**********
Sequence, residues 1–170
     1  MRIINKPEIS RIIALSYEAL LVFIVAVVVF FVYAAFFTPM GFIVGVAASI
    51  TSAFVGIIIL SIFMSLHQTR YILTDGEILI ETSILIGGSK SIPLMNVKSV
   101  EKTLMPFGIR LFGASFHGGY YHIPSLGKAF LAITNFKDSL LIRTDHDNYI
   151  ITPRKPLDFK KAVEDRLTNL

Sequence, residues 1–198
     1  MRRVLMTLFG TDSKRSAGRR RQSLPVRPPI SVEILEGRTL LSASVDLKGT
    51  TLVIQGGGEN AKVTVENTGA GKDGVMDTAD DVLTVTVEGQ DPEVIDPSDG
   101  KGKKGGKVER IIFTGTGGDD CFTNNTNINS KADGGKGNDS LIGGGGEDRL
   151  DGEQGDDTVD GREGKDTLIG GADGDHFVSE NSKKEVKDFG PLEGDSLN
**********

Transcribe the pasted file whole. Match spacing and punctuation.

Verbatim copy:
Sequence, residues 1–170
     1  MRIINKPEIS RIIALSYEAL LVFIVAVVVF FVYAAFFTPM GFIVGVAASI
    51  TSAFVGIIIL SIFMSLHQTR YILTDGEILI ETSILIGGSK SIPLMNVKSV
   101  EKTLMPFGIR LFGASFHGGY YHIPSLGKAF LAITNFKDSL LIRTDHDNYI
   151  ITPRKPLDFK KAVEDRLTNL

Sequence, residues 1–198
     1  MRRVLMTLFG TDSKRSAGRR RQSLPVRPPI SVEILEGRTL LSASVDLKGT
    51  TLVIQGGGEN AKVTVENTGA GKDGVMDTAD DVLTVTVEGQ DPEVIDPSDG
   101  KGKKGGKVER IIFTGTGGDD CFTNNTNINS KADGGKGNDS LIGGGGEDRL
   151  DGEQGDDTVD GREGKDTLIG GADGDHFVSE NSKKEVKDFG PLEGDSLN